Close Menu

Live Chat

Eating Disorder

Accommodation and Compliance: Eating Disorder

About Eating Disorder

A significant number of men and women experience a eating disorders at some time during their lives. Many cases are probably not reported. Many more people may not meet the criteria for an eating disorder diagnosis, but have difficulty around dissatisfaction with their bodies and distorted beliefs and behaviors about eating. Eating disorders are characterized by a continual disturbance of eating or eating-related behavior that results in changes in eating patterns that significantly impairs physical and mental health. Although there are many eating disorders, JAN hears about those that are most prevalent:

  • Anorexia nervosa is a serious, potentially life-threatening eating disorder characterized by restriction of energy intake (food consumption) and excessive weight loss. Symptoms include resistance to maintaining body weight at or above a minimally normal weight for age and height; intense fear of weight gain; disturbance in the experience of body weight or shape; undue influence of weight or shape on self-evaluation, or denial of the seriousness of low body weight; and loss of menstrual periods in girls and women post-puberty.  Anorexia nervosa typically appears in early to mid-adolescence and it has one of the highest death rates of any mental health condition.
  • Bulimia nervosa is a serious, potentially life-threatening eating disorder characterized by a cycle of bingeing and compensatory behaviors designed to undo or compensate for the effects of binge eating. Its presence is indicated by regular intake of large amounts of food accompanied by a sense of loss of control over eating behavior; regular use of inappropriate compensatory behaviors such as self-induced vomiting, laxative or diuretic abuse, fasting, and/or obsessive or compulsive exercise; and extreme concern with body weight and shape. Bulimia nervosa is frequently associated with symptoms of depression and changes in social adjustment.
  • Binge eating disorder (BED) is a type of eating disorder not otherwise specified and is characterized by recurrent binge eating without the regular use of compensatory measures to counter the binge eating. It is characterized by frequent episodes of eating large quantities of food in short periods of time; feeling out of control over eating behavior during the episode; and feeling depressed, guilty, or disgusted by the behavior. Behavioral indicators of BED include eating when not hungry, eating alone because of embarrassment over quantities consumed and eating until uncomfortably full. BED is often associated with symptoms of depression.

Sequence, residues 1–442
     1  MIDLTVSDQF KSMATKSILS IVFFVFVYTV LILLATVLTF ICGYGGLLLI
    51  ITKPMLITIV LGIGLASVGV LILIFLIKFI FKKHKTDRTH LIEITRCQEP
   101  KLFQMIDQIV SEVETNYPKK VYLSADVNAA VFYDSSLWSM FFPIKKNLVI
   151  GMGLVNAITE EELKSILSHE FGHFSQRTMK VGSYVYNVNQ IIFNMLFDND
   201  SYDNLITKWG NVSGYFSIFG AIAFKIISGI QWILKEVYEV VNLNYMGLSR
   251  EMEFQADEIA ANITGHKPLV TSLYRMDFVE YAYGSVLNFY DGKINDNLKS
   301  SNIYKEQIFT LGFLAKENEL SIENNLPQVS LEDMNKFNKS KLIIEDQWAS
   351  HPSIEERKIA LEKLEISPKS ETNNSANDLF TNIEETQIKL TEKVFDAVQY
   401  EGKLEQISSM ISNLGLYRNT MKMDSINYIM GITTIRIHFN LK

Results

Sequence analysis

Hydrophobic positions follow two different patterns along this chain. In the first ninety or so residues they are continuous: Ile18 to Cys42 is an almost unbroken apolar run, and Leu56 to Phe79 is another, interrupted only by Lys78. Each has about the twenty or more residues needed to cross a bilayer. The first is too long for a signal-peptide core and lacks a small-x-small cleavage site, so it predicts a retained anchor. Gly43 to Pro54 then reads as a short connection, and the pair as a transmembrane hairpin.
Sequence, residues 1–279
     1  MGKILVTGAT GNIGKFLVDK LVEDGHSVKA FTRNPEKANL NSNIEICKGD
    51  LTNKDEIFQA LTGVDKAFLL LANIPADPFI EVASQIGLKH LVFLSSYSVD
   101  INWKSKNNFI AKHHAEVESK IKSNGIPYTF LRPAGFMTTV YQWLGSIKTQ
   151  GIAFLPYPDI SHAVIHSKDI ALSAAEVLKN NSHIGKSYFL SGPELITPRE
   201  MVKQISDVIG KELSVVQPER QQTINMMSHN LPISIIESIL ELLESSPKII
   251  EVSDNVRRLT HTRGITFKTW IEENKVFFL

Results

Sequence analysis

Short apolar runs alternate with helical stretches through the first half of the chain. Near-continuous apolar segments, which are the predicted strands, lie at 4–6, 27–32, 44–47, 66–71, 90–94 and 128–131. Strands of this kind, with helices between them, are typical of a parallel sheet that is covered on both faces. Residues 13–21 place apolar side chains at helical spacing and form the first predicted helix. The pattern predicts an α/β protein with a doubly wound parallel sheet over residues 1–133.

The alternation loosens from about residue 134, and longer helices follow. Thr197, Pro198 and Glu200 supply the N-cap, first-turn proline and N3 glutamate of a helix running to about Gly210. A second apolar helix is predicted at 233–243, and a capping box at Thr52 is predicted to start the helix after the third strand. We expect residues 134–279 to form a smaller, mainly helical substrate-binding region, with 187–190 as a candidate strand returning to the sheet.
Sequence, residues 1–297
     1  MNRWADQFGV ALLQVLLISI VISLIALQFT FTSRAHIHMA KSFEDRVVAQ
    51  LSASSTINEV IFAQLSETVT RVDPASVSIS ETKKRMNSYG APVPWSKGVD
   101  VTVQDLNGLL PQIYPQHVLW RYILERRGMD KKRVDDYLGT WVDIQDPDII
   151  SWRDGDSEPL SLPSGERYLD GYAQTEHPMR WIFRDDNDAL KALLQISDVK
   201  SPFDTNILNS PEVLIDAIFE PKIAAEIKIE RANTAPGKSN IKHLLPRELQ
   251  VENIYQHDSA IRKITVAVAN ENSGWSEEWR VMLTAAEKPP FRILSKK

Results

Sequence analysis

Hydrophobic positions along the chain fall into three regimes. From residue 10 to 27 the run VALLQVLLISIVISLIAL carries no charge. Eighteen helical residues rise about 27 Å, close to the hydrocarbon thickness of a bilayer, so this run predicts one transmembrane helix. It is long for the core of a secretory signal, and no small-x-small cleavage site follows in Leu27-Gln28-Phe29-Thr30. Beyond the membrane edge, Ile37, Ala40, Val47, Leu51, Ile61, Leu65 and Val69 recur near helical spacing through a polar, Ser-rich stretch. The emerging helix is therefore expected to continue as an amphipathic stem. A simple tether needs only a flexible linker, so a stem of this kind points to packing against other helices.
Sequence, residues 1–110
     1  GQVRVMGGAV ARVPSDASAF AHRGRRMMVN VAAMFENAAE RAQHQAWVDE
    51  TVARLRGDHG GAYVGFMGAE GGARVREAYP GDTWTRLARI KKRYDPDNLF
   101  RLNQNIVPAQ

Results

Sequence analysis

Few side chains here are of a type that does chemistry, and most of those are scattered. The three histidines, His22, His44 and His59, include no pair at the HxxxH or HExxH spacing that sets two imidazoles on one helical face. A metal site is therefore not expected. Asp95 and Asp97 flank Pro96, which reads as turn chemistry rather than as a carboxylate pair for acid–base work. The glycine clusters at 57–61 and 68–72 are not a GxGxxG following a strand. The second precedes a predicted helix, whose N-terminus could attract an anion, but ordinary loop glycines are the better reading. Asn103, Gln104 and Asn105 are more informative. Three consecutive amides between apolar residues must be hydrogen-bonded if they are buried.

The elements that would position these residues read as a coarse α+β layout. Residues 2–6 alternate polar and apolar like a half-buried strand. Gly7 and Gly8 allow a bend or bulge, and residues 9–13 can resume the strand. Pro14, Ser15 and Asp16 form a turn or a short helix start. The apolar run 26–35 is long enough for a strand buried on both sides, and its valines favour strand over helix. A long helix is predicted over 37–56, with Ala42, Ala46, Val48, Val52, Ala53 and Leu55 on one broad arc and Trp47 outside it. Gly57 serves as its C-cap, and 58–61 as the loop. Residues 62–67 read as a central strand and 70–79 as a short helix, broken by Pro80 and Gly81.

Eating Disorder and the Americans with Disabilities Act

The ADA does not contain a list of medical conditions that constitute disabilities. Instead, the ADA has a general definition of disability that each person must meet. A person has a disability if he/she has a physical or mental impairment that substantially limits one or more major life activities, a record of such an impairment, or is regarded as having an impairment. For more information about how to determine whether a person has a disability under the ADA, see How to Determine Whether a Person Has a Disability under the Americans with Disabilities Act Amendments Act (ADAAA).

Accommodating Employees with Eating Disorder

People with eating disorders may develop some of the limitations discussed below, but seldom develop all of them. Also, the degree of limitation will vary among individuals. Be aware that not all people with eating disorders will need accommodations to perform their jobs and many others may only need a few accommodations. The following is only a sample of the possibilities available. Numerous other accommodation solutions may exist.

Questions to Consider:

  1. What limitations is the employee experiencing?
  2. How do these limitations affect the employee and the employee’s job performance?
  3. What specific job tasks are problematic as a result of these limitations?
  4. What accommodations are available to reduce or eliminate these problems? Are all possible resources being used to determine possible accommodations?
  5. Has the employee been consulted regarding possible accommodations?
  6. Once accommodations are in place, would it be useful to meet with the employee to evaluate the effectiveness of the accommodations and to determine whether additional accommodations are needed?
  7. Do supervisory personnel and employees need training?

Accommodation Ideas:

Situations and Solutions:

Events Regarding Eating Disorder